If you think you don’t like liver, try this Paleo Chopped Liver recipe. It combines chicken livers, chicken or duck fat, sautéed onions and hard-boiled eggs to make a savory, tasty dip offering up plenty of healthy protein to serve with crackers or crudités.
Chopped chicken liver is one of those comfort foods that graces many an appetizer table at Jewish holiday gatherings. Schmaltz, or rendered chicken fat, is the most traditional fat to use in chopped chicken liver but rendered duck fat, and coconut oil work just as well. If budget friendly and available, livers and rendered fats from pastured animals are preferred.
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Total Time: 60 minutes
Cook Time: 60 minutes
- 2 pound(s) chicken livers
- 4 tablespoon(s) schmaltz, duck fat or coconut oil divided (you may need more for cooking)
- 2 large onion(s) coarsely chopped
- 4 large egg(s) hard-boiled, peeled and diced
- 1 teaspoon(s) sea salt (optional)
- 1 teaspoon(s) black pepper freshly ground
- Add 2 Tbsp schmaltz to a large pan over medium heat. Add chopped onions and Sauté until soft and starting to brown. Pour cooked onions and remaining fat into a bowl and set aside.
- Add the remaining Tbsp of fat to the pan and fry half the chicken livers until brown on the outside and slightly pink on the inside, about 3-5 minutes on each side. Set livers aside when done. If using sea salt and black pepper, season the chicken livers while cooking.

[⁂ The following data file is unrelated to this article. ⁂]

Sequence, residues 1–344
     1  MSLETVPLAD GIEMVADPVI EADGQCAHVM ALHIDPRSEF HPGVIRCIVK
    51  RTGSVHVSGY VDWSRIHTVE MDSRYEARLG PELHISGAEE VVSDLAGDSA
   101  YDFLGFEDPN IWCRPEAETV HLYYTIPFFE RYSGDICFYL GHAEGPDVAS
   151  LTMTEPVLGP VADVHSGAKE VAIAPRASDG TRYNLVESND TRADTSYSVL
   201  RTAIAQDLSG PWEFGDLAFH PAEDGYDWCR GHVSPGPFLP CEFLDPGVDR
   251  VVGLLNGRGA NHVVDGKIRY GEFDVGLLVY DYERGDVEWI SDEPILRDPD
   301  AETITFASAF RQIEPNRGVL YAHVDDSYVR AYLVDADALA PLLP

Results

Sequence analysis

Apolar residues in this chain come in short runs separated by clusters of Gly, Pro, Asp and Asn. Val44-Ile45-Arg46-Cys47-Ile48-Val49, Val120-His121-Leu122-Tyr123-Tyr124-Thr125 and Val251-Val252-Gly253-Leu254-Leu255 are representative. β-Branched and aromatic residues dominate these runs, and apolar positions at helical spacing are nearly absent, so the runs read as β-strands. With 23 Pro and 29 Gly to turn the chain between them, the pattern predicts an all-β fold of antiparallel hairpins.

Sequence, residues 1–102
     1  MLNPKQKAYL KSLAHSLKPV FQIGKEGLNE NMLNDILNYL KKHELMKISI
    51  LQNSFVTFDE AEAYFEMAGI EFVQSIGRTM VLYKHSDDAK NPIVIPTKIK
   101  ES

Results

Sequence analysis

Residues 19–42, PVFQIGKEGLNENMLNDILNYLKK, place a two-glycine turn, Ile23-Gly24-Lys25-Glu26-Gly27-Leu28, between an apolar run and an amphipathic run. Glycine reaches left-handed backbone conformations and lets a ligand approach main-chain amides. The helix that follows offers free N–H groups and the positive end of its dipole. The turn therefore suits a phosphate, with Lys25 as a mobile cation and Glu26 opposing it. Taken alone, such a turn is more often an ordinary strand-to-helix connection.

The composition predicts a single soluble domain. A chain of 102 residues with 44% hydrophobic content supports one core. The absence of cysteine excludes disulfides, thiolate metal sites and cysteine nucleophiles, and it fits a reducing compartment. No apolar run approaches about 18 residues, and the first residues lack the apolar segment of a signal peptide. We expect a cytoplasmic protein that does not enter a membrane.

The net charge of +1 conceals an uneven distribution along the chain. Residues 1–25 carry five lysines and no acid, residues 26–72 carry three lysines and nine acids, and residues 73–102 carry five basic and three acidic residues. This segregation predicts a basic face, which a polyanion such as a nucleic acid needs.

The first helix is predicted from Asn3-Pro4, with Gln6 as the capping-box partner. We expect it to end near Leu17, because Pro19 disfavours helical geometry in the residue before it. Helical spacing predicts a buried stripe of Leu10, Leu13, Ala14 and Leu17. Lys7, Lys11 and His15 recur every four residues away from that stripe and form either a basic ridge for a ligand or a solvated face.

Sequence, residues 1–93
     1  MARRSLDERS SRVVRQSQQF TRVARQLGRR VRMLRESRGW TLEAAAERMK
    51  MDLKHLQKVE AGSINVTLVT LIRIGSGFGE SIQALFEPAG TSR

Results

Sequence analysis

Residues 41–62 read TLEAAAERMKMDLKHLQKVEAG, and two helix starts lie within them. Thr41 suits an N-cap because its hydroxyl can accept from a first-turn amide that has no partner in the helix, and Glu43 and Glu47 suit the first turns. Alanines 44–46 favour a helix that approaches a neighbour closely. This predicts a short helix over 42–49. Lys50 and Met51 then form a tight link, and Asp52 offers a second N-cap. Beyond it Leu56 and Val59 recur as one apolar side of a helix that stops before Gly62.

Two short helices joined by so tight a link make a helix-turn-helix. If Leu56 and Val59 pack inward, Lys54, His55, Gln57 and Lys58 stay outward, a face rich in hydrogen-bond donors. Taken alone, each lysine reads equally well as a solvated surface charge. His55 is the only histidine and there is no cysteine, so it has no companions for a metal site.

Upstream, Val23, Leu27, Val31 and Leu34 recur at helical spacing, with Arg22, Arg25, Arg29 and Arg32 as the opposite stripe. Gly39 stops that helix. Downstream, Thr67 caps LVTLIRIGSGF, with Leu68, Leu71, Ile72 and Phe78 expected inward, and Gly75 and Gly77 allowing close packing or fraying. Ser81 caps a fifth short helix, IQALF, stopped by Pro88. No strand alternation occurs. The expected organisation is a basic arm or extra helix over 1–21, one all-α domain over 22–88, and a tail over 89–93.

- Add more fat to the pan if needed and add the remaining livers to the pan. Repeat step #2.
- Combine chopped eggs, onions, and chicken livers in the bowl of a food processor fitted with a steel blade, and pulse, stirring as needed until a rough paste forms (about 1 minute). Alternately, using a chef???s knife, chop all ingredients together on a large cutting board.
- Chill and serve with crudites or Paleo crackers.
- Take 2 cups of reserved chicken or duck skin and fat and combine with 1/4 cup of water in a saucepan over medium heat. Cook until the water has boiled off and the skin has darkened (use caution not to over cook). Chicken fat should be clear and yellow, while duck fat should be golden.
- Remove the browned skin and strain the fat. Store in the refrigerator for up to a week or freeze.